The NBA responded to the whole thing by banning Sterling for life. The Clippers players' muted response - simply turning their jerseys inside out - also led to much conversation about what the more appropriate or more revolutionary response would have been, with articles like "Black People are Cowards" and its rebuttal, "Who's a Coward?: The Flawed Logic of Faux Revolutionaries," among others, popping up.
In the same matter of weeks we have also received a sobering report from ProPublica called "Segregation Now" about the seeming failures of the famous Brown v. Board of Education decision sixty years ago, meant to integrate our nation's schools. Today, schools are more segregated than ever before.
As I sat and digested all of these recent happenings, it dawned on me that, as a racial and social justice advocate, to throw oneself into this work, one has to be delusional.
I have written in the past about how the facts on the ground matter (See #FactsOnly) and about why it's important that we fully understand the full scope of problems before pursuing solutions.
But in this case, when you fully understand the problem, you also have to face the realization of just how close we are today, in the 2000s, to the 1950s.
To fully take stock of the problems is to understand that many of our greatest civil rights heroes were nowhere near achieving the outcomes they set out to achieve, and that we are still light years away from those sought-after outcomes now.
To show just how dominant and unyielding white supremacy has been in our country, take a moment to fully digest this quote from NPR's Tell Me More segment on Native American's and higher education yesterday:
As a group, Native Americans have the highest poverty rate of any ethnic or racial group in this country.
It's apropos that one of the most heralded speeches of all time is the "I Have a Dream" speech, since much of the equality that we advocate for seems to be the providence of flights of fancy... Dreams in which we convince ourselves that a country founded on oppression will eventually yield to a new way of operating.
This to me is the equivalent of deciding one day that we are going to change the way we breathe -- we will no longer inhale oxygen and exhale carbon dioxide -- nor will humans continue to be a land-based life form but instead will become aquatic-based. Do these changes sound likely?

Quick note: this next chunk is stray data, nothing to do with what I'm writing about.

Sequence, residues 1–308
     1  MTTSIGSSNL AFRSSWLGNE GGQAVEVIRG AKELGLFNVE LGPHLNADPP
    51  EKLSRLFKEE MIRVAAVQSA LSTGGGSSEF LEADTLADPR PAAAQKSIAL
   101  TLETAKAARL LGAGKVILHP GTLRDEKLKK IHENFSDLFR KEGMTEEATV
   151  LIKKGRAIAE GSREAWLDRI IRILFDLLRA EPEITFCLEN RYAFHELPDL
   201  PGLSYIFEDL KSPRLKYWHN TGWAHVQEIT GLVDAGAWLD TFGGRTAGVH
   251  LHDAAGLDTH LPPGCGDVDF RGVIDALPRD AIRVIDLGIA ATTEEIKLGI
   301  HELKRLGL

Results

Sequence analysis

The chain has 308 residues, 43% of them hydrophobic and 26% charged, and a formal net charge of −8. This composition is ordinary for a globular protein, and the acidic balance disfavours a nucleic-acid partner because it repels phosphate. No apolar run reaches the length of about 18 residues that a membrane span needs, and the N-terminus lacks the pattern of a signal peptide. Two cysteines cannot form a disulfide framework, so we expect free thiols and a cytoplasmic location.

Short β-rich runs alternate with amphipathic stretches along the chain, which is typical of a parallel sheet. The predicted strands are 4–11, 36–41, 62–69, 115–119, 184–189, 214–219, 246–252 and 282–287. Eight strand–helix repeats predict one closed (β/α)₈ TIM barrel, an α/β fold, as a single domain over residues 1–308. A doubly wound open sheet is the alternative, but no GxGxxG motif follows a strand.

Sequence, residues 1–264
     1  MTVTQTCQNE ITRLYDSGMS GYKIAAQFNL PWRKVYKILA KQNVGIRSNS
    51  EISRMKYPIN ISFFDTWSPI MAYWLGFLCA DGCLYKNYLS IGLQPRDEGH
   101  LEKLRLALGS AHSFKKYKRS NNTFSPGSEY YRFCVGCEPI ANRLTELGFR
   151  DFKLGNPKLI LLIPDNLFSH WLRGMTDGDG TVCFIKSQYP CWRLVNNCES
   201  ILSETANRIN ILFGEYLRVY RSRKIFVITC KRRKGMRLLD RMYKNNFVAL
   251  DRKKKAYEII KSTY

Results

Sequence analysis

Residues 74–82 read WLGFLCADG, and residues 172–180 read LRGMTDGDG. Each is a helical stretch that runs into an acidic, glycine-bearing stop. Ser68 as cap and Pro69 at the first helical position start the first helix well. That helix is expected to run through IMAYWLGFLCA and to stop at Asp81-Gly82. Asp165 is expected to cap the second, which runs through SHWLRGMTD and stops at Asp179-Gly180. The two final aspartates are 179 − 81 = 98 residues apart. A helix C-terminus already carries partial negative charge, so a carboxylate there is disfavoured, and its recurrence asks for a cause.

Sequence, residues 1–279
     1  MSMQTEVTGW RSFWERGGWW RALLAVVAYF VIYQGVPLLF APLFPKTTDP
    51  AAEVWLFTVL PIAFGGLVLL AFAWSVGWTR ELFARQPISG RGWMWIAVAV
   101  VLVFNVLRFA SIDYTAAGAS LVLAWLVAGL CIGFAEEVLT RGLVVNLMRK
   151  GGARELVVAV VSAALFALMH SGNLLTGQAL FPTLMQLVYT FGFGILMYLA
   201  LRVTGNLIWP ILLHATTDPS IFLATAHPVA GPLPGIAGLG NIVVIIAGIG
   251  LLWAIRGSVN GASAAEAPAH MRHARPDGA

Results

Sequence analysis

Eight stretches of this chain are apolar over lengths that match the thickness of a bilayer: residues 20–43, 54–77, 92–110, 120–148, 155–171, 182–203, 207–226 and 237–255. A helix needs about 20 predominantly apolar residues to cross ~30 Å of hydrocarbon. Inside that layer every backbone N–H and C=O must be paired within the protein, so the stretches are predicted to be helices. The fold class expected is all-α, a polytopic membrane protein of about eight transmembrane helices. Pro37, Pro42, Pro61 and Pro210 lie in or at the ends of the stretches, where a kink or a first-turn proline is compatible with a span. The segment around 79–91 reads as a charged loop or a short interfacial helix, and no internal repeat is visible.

The work of the racial and social justice advocate is effectively the work of changing the governing rules of an entire eco system.
The actual goal that we are pushing for is the end of life as we, as a country, know it -- an end that will not come quietly or without extreme resistance.
After all, to work towards upending such a system is, in some ways, just as delusional as the premise that so many try every day to perpetuate -- that our current system is already one of equity, equality and justice.
To do this work effectively, we have to believe that we can shift the conscience of the masses from one of false positivity, disengaged from the reality of the negative impacts of the current system, to an understanding of just how inequitable the existing system is. In other words, we have to massively reboot and reconfigure the hardware and software that our country was founded on as we seek to change the operating system from white supremacy to a hybrid of equity and restorative justice.
This kind of total reboot doesn't come from turning jerseys inside out, nor from a massive boycott. The question is what does the change come from? How do we get there? Unlike with a computer, we can't just wipe the system clean and start over.
I'm at a loss. Yet to sustain myself in this work, I have had to convince myself that what very well may be impossible is, in fact, possible.
I recognize that this is delusional, but facing the reality is much too painful.
To convince ourselves that we can change America may be either a manifestation of deception, à la the Matrix, or a misreading of our reality, à la Inception.
With the exhausting weight of the reality, it's easy to see why so many bow out of the fight. For us to effectively organize and build power, we have to convince others to be as delusional as we are, ignoring the reality that we see, in favor of the belief in a reality that only exists in our dreams.
I'm engaged. I hope you will be too.